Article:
Texas Secretary of State David Whitley’s press release last month contending that 95,000 non-U.S. citizens with driver’s licenses or ID cards also had voter registration records in Texas — and that some 58,000 had voted in at least one election — has by now proven one of the most botched debuts of any state official in recent memory. To compound matters, in last week’s Senate confirmation hearing, the interim secretary displayed stunning ignorance about matters he should have definitively nailed down, given the certainty of state senators’ questions.

Republican Senate Majority Leader Mitch McConnell announced Thursday that President Trump would declare a national emergency as a pretext for building The Border Wall™ — Sponsored by Mexico (disclaimer: wall will not be sponsored by Mexico). It’s a broken campaign promise that’s right up there with classics like “Read my lips, no new taxes” (George H.W. Bush) and “If you like the plan you have, you can keep it” (Barack Obama).


What were we talking about one year ago? Take a look back.

The March 6 primary election is right around the corner with early voting beginning Tuesday. One issue fellow McLennan County voters will do well to examine carefully is fundamental honesty and integrity in government. At the most basic level, we don’t want our elected leaders putting their fingers into the public treasury — outright corruption. That goes without saying. But we should demand even more. We should want — and expect — the execution of all functions of our elected government to be consistent with the rules of the road. Citizens are expected to obey the law; so must our public officials. They should set shining examples of scrupulous adherence to the law and principles of integrity.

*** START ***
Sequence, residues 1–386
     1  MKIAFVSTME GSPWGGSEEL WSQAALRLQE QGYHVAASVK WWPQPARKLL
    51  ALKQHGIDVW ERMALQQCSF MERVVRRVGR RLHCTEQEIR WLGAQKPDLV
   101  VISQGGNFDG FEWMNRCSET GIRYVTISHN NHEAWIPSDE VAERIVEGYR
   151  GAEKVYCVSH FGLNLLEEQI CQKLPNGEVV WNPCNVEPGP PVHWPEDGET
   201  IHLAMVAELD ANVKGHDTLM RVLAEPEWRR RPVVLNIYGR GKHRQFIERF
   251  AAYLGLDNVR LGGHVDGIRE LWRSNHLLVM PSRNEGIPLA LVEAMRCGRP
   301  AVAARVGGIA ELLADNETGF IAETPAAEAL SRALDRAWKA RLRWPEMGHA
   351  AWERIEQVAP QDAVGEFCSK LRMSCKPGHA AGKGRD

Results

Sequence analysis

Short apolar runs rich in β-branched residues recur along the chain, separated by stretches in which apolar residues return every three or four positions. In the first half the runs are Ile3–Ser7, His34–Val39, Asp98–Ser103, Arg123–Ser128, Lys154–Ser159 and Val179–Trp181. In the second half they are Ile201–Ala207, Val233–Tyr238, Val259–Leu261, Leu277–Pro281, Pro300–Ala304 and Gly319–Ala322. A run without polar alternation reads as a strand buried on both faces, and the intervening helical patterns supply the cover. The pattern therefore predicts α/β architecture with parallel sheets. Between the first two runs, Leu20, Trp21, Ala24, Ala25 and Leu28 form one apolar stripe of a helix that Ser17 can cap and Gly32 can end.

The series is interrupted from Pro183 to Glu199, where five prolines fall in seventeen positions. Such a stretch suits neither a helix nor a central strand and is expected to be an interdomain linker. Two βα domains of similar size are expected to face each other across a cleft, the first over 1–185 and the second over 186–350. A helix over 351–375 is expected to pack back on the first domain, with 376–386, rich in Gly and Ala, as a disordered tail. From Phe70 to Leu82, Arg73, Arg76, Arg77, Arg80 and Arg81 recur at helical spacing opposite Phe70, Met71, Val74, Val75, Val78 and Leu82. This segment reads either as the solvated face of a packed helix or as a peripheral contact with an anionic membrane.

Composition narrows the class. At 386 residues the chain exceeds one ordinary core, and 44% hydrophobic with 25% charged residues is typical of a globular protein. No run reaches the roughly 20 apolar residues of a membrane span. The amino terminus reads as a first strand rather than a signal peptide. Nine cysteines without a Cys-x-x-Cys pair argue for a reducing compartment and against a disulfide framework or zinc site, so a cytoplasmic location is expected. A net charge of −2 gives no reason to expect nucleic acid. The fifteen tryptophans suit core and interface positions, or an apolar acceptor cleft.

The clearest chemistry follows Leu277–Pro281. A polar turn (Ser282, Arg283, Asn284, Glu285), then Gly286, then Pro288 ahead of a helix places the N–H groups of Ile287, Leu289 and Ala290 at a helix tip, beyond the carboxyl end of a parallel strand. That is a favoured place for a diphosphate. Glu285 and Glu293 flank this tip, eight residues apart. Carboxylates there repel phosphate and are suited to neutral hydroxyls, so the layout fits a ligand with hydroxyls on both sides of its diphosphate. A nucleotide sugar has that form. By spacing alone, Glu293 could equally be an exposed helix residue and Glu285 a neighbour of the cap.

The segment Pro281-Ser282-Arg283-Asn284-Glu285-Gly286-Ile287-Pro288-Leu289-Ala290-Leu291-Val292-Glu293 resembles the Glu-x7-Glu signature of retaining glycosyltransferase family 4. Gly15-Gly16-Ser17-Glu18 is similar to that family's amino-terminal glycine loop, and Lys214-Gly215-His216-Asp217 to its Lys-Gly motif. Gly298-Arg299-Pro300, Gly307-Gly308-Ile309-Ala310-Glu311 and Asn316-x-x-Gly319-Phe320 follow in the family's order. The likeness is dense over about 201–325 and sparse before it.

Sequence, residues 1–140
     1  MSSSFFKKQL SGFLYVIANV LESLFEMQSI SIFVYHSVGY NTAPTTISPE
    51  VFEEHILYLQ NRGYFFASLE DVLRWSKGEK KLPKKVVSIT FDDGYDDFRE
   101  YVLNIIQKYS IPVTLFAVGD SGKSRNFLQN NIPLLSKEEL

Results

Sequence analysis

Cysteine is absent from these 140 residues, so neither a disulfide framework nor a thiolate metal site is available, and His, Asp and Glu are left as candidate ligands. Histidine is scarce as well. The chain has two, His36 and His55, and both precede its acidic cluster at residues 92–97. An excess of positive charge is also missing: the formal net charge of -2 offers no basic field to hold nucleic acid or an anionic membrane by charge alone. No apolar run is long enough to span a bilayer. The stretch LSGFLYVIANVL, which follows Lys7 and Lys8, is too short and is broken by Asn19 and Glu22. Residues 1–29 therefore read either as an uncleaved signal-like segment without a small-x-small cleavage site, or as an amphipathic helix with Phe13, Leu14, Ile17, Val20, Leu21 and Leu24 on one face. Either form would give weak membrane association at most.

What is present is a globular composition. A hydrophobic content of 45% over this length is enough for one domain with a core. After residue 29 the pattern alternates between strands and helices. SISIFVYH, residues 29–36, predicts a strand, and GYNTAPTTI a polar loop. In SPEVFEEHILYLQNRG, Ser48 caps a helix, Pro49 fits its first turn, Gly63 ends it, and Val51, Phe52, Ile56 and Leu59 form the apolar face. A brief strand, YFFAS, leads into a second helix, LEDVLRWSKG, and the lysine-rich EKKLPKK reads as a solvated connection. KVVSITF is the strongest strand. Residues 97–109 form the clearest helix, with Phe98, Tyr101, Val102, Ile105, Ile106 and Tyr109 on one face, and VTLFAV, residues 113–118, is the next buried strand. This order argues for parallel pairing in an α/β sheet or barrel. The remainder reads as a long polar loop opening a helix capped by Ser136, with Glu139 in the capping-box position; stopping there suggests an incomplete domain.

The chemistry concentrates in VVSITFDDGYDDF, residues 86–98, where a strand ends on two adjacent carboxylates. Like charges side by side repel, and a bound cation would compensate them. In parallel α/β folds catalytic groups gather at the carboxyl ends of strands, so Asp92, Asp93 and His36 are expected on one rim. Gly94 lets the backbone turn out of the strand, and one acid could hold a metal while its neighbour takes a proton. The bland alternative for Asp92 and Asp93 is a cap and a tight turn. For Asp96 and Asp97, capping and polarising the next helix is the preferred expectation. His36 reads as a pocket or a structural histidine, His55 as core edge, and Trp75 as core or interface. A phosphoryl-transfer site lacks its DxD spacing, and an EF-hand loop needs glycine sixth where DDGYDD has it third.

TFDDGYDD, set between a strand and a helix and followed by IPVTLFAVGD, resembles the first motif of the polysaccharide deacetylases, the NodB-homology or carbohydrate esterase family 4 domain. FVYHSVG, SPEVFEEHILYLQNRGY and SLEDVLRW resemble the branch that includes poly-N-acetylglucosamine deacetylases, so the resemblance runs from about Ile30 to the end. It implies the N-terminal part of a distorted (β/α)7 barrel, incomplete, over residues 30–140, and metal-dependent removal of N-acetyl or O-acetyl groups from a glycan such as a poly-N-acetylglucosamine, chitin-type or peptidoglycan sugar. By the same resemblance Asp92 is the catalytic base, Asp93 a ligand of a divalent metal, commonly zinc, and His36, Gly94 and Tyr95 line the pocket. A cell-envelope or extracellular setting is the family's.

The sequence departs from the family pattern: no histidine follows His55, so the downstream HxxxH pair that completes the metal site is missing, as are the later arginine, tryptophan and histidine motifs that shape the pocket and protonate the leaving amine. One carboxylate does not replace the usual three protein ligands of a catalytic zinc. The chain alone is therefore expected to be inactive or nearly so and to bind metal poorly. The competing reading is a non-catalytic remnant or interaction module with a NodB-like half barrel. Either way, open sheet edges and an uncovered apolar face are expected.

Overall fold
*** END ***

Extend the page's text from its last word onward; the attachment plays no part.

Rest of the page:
A December 2017 Newsweek/Wall Street Journal poll asserted that more than 40 percent of Americans believe grounds exist to hold impeachment hearings for President Trump. Four resolutions have been introduced in the U.S. House calling for impeachment, while a criminal probe is underway of possible ties between his 2016 presidential campaign and the Russian government. It all makes for a good time to pause and consider what impeachment actually involves.

Kudos to SpaceX again for Tuesday’s successful maiden flight of the Falcon Heavy rocket. It was launched successfully about 2:45 p.m. Central time, followed by landings of the two side boosters back at Cape Canaveral and successful injection by the second stage of SpaceX founder and CEO Elon Musk’s beloved red Tesla Roadster into solar orbit, one now reportedly extending beyond Mars. The center core booster apparently crashed into the sea near the recovery barge — the only flaw in the mission so far.